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Photo: TARUMI Kengo

Potato. In Okinawa, sweet potatoes are just called potatoes, nmu. Sweet potatoes’ trajectory started from the Ryukyu Kingdom via the Satsuma Domain to reach all of Japan. 

Prior to the war, Okinawa lived on this nmu, save for financially animated towns like Naha. Most households cooked three meals worth nmu in a large pot every morning. For supper, a dish and miso soup accompanied this nmu

Nmu was consumed as the staple diet until the 30s in the Showa era (1955~1965). We cannot precisely determine when nmu was replaced by rice. Anyhow, today’s staple diet is rice, and to replace it back with nmu would cost a lot more—this is indeed a dramatic change. The history of human lifestyle seems so peculiar when such dramatic change can happen outside of our consciousness.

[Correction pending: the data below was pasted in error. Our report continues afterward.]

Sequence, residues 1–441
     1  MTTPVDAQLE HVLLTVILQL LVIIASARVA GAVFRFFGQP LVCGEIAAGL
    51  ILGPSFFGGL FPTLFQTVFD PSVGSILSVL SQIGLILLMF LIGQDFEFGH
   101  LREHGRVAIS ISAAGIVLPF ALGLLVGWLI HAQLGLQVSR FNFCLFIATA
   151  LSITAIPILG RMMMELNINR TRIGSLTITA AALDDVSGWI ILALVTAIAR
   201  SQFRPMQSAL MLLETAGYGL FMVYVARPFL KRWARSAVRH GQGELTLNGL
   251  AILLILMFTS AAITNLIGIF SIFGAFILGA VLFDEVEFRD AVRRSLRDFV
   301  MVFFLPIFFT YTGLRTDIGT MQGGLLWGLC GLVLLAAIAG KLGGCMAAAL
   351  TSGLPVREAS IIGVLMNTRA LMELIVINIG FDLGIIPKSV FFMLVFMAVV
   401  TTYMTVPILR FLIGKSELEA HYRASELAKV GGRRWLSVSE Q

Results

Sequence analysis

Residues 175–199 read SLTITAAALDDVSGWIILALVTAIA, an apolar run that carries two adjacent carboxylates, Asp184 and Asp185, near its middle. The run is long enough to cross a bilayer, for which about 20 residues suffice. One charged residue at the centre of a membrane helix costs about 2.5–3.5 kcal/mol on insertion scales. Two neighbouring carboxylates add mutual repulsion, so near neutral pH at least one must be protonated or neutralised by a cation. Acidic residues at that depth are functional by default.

Nmukjiandagi: fried red potatoes, strained and deep-fried.
Photo: TARUMI Kengo

Speaking of dramatic changes, the spread of potatoes from China must have been a powerful one as well. In 1594, potatoes were introduced to China via Luzon Island. Only eleven years later, in 1605, it was brought in by Noguni Sokan to Okinawa via Fujian province, then cultivated by Gima Sinjo. Potatoes grow on poor soil and stand the heat and the typhoon: it was a perfect crop in the Okinawan climate and nature. It started as a valuable famine relief crop until it held its place as a staple diet. 
 The mainstream of Okinawan nmu today is purple yum, a yum with a vividly purple-colored inside. Yellow ones used to be common, though purple has become more popular today. Purple yum has a decently toned-down sweetness and a soft and crumbly taste. Would it be a favor to say that I find it better than the yellow mainland potatoes? It remains a mystery to me why such tasty purple yum had never spread to mainland Japan.